On Wednesday, the Supreme Court expressed grave concern over the disappearance of the country’s wetlands: “If there are no wetlands left, it will affect agriculture and several other things. It is a very, very important issue,” the Bench headed by Justice Madan B Lokur said.
The court had earlier observed that even after Rs 900 crore was spent on works related to wetlands, the activities shown were extremely general in nature. It asked the Centre to provide a status report on funds disbursed to states, and the manner of their utilisation.
The government informed the court that the Wetlands (Conservation and Management) Rules, 2017, had been notified to replace the earlier set of guidelines that came into effect in 2010. Counsel for the petitioner objected to some of the provisions in the 2017 Rules, and was asked by the Bench to file an application.
The court said that 2,01,503 wetlands in the country would continue to be protected by the government. These wetlands had been identified using ISRO’s satellite imagery, after which the apex court had asked the Centre to inventorise, protect and notify them in consultation with state governments.
In February 2017, the Supreme Court had directed the amendments to the 2010 Rules to be notified by June 30, a deadline that it subsequently extended to September 30. The Ministry of Environment, Forests and Climate Change notified the Rules on September 26.
Under the new Rules, wetlands are defined as “an area of marsh, fen, peatland or water; whether natural or artificial, permanent or temporary, with water that is static or flowing, fresh, brackish or salt, including areas of marine water the depth of which at low tide does not exceed six metres, but does not include river channels, paddy fields, human-made water bodies/tanks specifically constructed for drinking water purposes and structures specifically constructed for aquaculture, salt production, recreation and irrigation purposes”.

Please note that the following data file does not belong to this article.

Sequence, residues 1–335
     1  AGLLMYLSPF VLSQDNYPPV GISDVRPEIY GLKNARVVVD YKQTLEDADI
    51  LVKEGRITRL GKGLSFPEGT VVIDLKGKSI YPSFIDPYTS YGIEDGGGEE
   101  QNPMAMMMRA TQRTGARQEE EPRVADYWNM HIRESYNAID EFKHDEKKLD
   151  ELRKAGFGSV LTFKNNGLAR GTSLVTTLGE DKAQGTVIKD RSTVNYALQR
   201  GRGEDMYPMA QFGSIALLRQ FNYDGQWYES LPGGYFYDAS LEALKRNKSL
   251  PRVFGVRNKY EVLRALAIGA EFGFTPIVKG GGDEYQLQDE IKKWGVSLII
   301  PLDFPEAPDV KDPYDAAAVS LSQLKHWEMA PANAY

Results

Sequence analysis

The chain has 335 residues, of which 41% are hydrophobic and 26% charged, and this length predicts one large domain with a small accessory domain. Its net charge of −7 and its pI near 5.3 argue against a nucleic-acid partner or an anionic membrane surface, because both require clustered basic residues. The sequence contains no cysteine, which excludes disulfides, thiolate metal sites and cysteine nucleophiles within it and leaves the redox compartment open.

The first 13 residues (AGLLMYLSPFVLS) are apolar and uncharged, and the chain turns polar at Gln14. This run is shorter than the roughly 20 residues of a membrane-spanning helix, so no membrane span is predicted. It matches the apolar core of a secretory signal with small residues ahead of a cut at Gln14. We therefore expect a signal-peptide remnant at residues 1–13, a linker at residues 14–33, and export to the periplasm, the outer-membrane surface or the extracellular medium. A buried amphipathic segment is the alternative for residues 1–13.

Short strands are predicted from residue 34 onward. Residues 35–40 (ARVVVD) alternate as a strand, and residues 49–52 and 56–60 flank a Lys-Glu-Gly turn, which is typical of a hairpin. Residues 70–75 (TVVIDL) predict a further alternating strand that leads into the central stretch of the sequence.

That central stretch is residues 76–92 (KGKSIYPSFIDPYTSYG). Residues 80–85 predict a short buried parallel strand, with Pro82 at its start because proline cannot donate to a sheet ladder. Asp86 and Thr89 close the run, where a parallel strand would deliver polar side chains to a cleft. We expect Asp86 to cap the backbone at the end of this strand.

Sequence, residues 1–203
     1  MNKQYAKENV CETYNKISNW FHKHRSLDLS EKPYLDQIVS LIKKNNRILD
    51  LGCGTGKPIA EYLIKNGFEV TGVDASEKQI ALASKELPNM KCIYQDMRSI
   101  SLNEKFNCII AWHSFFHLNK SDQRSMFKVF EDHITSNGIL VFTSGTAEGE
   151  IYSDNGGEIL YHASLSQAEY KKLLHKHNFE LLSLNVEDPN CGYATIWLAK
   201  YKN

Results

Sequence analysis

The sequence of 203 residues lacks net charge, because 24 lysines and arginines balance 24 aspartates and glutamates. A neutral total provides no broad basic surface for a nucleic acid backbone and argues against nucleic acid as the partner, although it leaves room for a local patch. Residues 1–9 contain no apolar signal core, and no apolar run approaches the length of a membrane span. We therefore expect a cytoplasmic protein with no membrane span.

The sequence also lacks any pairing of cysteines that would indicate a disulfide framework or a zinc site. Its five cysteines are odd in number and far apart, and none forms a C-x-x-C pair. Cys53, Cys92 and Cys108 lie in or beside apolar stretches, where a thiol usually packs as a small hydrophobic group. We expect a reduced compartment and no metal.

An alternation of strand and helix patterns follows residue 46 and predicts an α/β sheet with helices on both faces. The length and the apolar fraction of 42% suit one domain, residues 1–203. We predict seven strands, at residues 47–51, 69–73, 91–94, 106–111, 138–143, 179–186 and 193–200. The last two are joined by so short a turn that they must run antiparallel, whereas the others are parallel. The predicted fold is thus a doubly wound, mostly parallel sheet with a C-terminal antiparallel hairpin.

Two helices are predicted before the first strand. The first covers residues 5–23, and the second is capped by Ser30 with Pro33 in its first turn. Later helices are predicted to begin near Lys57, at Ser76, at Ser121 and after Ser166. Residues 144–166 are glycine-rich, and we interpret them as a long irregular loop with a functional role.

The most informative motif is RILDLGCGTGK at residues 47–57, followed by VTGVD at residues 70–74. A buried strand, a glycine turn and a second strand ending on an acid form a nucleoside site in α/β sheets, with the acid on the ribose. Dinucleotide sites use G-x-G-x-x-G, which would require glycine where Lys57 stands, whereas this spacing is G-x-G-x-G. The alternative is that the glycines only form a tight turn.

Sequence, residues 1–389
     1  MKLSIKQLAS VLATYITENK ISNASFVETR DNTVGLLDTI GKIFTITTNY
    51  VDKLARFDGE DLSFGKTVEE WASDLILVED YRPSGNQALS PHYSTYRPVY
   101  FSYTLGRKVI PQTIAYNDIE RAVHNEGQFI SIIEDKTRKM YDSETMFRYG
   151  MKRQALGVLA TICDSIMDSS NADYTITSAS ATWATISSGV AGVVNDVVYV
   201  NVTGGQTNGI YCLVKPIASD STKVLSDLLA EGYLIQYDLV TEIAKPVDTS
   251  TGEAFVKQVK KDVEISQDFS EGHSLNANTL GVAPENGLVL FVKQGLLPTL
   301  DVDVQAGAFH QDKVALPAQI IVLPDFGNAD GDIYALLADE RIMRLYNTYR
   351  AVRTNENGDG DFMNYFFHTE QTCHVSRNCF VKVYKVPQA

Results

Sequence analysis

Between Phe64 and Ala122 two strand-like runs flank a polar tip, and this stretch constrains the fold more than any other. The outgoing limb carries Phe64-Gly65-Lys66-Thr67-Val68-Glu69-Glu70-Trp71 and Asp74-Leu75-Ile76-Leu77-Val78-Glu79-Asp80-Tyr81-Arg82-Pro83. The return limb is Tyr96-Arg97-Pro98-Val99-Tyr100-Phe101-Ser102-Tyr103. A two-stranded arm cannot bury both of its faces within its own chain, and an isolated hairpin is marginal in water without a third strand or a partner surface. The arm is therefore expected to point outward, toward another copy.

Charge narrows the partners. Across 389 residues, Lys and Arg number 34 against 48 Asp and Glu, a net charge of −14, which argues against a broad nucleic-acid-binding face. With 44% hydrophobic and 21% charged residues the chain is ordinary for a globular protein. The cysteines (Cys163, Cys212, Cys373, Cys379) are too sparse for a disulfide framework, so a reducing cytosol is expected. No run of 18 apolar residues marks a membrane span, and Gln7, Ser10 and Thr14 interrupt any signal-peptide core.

The 2010 Rules specifically included in the definition of wetlands “all inland waters such as lakes, reservoir, tanks, backwaters, lagoon, creeks, estuaries and man-made wetland and the zone of direct influence on wetlands”. These have not been spelt out in the 2017 Rules.
Also, in the 2010 Rules, the list of exclusions from the definition stopped at “main river channels, paddy fields and the coastal wetland”.
The new Rules farm out wetland management to states and union territories. Environmentalists say this is odd, as states and UTs have never acted on wetlands protection and notification in spite of the pressure exerted by the central government — using the Central Wetlands Regulatory Authority (CWRA) — under the 2010 Rules. The 2017 Rules have done away with the CWRA entirely.
CWRA’s place has been taken by the National Wetland Committee, which has a merely advisory role — for instance, to advise the central government on proposals received from states/UTs for “omission of the prohibited activities”, to evolve “norms and guidelines” for integrated management of wetlands based on wise-use principle; recommend trans-boundary wetlands for notification, and review progress of integrated management of Ramsar Convention sites (of which the country has 26).